The Top 5 Challenges To Online Learning (And How To Solve Them)

January 3, 2019

Compared to the traditional classroom model, digital learning has plenty of advantages for teachers and students. Teaching and learning can take place whenever and wherever is most convenient for everyone.

Of course, digital learning has a unique set of challenges to go with the advantages. Many students who excel in a classroom will struggle with an online course. Even those who have no trouble mastering the material can fall behind on assignments and fail assessments.

It’s important for teachers to be aware of these potential obstacles. With a little foresight and planning, you can help your students get the most out of every course.

How to Overcome Five Digital Learning Challenges

1. Need for Self-Discipline

Many students struggle with self-discipline in a higher education classroom setting. It’s the first time they don’t have parents and teachers actively checking in. They don’t get grounded if they skip homework to go socialize. For some, it takes time to find the intrinsic motivation to buckle down and do the work. In an online course, it’s even easier to “skip class” or put off an assignment.

You can’t threaten to take students’ car keys if they don’t do their homework, of course. But you can equip them with tools to help them develop that self-discipline. A shared calendar for the class with reminders for due dates is a great start. An interactive syllabus, where students can check off work as they complete it, also helps with organization.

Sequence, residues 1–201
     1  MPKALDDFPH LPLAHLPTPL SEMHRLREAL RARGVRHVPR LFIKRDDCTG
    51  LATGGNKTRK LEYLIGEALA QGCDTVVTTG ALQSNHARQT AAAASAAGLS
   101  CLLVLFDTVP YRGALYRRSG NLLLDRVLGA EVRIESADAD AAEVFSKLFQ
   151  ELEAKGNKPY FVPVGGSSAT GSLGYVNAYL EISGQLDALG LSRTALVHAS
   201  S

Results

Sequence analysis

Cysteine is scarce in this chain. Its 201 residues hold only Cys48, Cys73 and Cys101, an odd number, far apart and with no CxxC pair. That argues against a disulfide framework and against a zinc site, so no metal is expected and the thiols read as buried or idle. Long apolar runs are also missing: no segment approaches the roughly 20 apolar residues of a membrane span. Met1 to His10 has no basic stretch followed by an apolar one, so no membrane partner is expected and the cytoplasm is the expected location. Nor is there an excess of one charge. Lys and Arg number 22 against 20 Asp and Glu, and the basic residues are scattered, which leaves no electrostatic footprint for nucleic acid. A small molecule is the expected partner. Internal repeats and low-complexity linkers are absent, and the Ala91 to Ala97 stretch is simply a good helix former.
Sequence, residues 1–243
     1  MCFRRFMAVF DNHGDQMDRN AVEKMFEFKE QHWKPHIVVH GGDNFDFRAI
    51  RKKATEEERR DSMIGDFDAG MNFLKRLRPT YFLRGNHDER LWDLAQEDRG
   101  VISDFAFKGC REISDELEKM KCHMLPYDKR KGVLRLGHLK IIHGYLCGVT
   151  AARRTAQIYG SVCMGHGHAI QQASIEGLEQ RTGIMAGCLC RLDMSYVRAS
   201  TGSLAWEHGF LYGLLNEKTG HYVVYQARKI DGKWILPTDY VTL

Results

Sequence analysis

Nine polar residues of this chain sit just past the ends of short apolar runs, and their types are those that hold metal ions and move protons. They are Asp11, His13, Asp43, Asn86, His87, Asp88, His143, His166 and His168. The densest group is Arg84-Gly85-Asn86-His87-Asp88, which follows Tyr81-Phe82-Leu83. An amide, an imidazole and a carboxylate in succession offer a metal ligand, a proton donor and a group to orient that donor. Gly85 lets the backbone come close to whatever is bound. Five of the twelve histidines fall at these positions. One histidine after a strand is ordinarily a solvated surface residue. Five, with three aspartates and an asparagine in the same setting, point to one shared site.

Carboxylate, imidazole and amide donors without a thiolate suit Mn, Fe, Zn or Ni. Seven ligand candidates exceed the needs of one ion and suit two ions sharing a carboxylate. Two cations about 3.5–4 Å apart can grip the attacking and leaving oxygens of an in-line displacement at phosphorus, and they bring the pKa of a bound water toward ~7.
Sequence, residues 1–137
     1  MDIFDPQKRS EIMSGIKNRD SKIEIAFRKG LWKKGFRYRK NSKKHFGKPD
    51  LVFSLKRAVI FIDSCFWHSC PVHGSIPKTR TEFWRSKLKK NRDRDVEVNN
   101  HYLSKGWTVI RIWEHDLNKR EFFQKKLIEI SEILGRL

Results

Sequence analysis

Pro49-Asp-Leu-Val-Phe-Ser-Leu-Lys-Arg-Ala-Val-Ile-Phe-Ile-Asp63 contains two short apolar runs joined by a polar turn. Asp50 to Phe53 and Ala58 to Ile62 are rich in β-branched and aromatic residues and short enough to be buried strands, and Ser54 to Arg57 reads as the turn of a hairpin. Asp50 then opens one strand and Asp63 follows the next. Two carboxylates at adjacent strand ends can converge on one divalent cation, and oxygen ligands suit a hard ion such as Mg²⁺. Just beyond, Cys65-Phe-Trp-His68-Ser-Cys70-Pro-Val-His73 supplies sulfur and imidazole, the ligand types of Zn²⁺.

Basically make it as clear as possible what students should be doing now, how much progress they’ve made, and what’s coming up soon. Calendars, reminders and organizational tools can provide structure without seeming overbearing.

2. Missing Social Interaction

College is an inherently social time — for many of us it’s where we meet lifelong friends, even our future spouse. The social energy of a physical classroom can help with learning: There’s lively discussion, people bouncing ideas off each other, forming groups, lifting each other up.

The in-person dynamic is hard to capture in an online course, but you can capture the feeling of group learning, collaboration and socialization. Encourage students to introduce themselves and interact with each other outside of the course material. If you have a forum set up for the course, make a space for non-course-related chatting.

Then make collaboration a fundamental part of the course. Encourage students to form groups and work together with shared documents (like Google Docs). Allow (but don’t require) group projects for assessment. Encourage meaningful commenting on both course materials and student work. It will likely take some prompting to get these conversations started, but it shouldn’t take long for collaboration and interaction to build momentum.

3. Lack of Teacher Contact